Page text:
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T H E R A P E U T I C S , IN C .

200 3 17 NGV-a A9 '-,9

October 27, 2017

Dockets Management Branch

Food and Drug Administration
Department of Health and Human Services
5630 Fishers Lane. Room 1061 (HFA-305)
Rockville, Maryland 20852


Insys Therapeutics, Inc. (‘insys”) submits this petition under sections 505(j) and
505(q) of the Federal Food, Drug, and Cosmetic Act ("FDC Act5') and the related
regulations, 21 C.F.R. §§ 10.30-31, to request that the Commissioner of Food and
Drugs refrain from approving any Abbreviated New Drug Application (“ANDA'')
referencing its SYNDROS %(dronabinol) Oral Solution, CII approved under New Drug
Application ("NDA”) 205525, if such ANDA relies upon a waiver pursuant to 21
C.F.R. § 320.22. Insys therefore requests that the Food and Drug Administration
(“FDA”) require the submission of in vivo bioequivalence data for approval of any
generic versions of dronabinol oral solution. Insys is aware of at least two received
ANDA referencing SYNDROS and requests that FDA retroactively refuse to accept
this ANDA, as well as any other ANDA that may have been received, or refuse to
approve any ANDA unless it includes adequate in vivo bioequivalence studies.


Insys requests that FDA:

(1) Decline to receive or approve any ANDA application for generic

dronabinol oral solution that relies on SYNDROS as the Reference
Listed Drug (•“RLD”) if the ANDA relies on a waiver in lieu of
establishing in vivo bioequivalence to SYNDROS.
(2) Require that ANDA applicants for generic versions of SYNDROS
include fed and fasted state bioequivalence studies.

Insys is concerned that FDA has permitted and may continue to permit waivers
of bioequivalence testing for products referencing its NDA. SYNDROS has inherent
product characteristics that may affect bioequivalence. To ensure required product

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safety and efficacy, Insys requests that FDA require generic applicants to conduct and
submit in their ANDAs bioequivalence studies in both the fed and fasted state.


A. Factual Background

Dronabinol is a cannabinoid indicated for the treatment of anorexia associated

with weight loss in patients with AIDS and nausea and vomiting associated with cancer
chemotherapy in patients who have failed to respond adequately to conventional
antiemetic treatments. First approved in oral capsule form in 1985 as Marinol, it has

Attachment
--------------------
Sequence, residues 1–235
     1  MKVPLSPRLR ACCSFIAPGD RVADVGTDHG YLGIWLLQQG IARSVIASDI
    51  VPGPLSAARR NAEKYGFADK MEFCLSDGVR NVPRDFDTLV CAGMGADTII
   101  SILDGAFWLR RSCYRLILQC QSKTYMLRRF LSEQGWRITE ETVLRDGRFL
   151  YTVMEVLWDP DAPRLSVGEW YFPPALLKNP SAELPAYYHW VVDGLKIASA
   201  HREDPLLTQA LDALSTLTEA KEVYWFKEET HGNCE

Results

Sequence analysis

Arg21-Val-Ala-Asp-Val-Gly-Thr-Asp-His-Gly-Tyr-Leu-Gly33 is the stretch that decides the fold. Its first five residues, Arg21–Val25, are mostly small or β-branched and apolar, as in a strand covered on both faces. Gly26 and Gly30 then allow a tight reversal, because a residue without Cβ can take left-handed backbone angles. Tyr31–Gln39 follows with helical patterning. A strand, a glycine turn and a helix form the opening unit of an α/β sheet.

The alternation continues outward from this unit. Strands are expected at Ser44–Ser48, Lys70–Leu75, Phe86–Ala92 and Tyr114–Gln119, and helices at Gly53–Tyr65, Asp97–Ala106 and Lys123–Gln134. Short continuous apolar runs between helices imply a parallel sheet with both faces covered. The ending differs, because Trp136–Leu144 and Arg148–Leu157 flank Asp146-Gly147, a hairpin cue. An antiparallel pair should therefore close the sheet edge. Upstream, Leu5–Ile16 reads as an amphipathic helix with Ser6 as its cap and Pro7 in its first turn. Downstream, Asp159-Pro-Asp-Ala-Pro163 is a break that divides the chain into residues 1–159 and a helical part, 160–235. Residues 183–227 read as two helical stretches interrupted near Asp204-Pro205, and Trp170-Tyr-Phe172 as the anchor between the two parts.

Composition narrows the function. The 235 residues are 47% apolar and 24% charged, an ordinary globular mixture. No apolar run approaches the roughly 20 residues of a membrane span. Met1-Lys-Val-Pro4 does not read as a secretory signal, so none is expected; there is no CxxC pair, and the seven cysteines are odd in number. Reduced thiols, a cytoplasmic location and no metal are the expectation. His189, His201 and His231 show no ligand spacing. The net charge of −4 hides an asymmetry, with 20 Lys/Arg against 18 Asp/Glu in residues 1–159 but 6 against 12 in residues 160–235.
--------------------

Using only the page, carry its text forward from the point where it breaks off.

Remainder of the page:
been available as a generic in capsule form since 2008. Insys began marketing a
generic capsule form in 2011, but has subsequently discontinued the product.

Insys received marketing approval for an oral solution version of dronabinol in

NDA 205525 on July 1, 2016; however, at the request of FDA, Insys agreed not to
market SYNDROS until a Drug Enforcement Administration (“DEA”) scheduling
order had been issued. Insys therefore did not market SYNDROS until July 31, 2017 -
several months after the DEA's scheduling order issued on March 23, 2017. Pursuant
to FDC Act § 505(x), the date of approval is considered the date of issuance of the
interim final rule controlling the drug; therefore, the date of SYNDROS approval is
March 23,2017.

In June 2017, Insys received a Paragraph IV certification from Par

Pharmaceuticals (“Par’') notifying Insys of Par’s submission of ANDA 210314
referencing NDA 205525. Insys promptly initiated litigation in August 2017 in the
District Court for the District of Delaware, which triggered a 30-month stay during
which FDA cannot approve Par’s ANDA. Similarly, on August 31, 2017, Insys
received a Paragraph IV certification from Alkem Laboratories ("Alkem") notifying
Insys of Alkem's submission of its ANDA. Insys again promptly initiated litigation
within 45 days. With the filing of such litigation, the existence of Par's and Alkem’s
ANDAs became public knowledge.

Insys began distributing SYNDROS on July 31, 2017: no versions of

SYNDROS were in distribution and available for bioequivalence testing prior to July
31, 2017. Insys therefore believes that Par's ANDA is based on a bioequivalence
waiver under 21 C.F.R. § 320.22.
Insys notes that it is currently awaiting an FDA exclusivity determination with
respect to SYNDROS and expects to receive three years of exclusivity based on the
submission of new clinical studies essential to approval.

B. Legal Background

Under the FDC Act, an ANDA must refer to an RLD and must contain, among
other things, “information to show that the new drug is bioequivalent to the listed
drug.” 21 U.S.C. § 355(j)(2)(A)(iv). FDA regulations provide that any person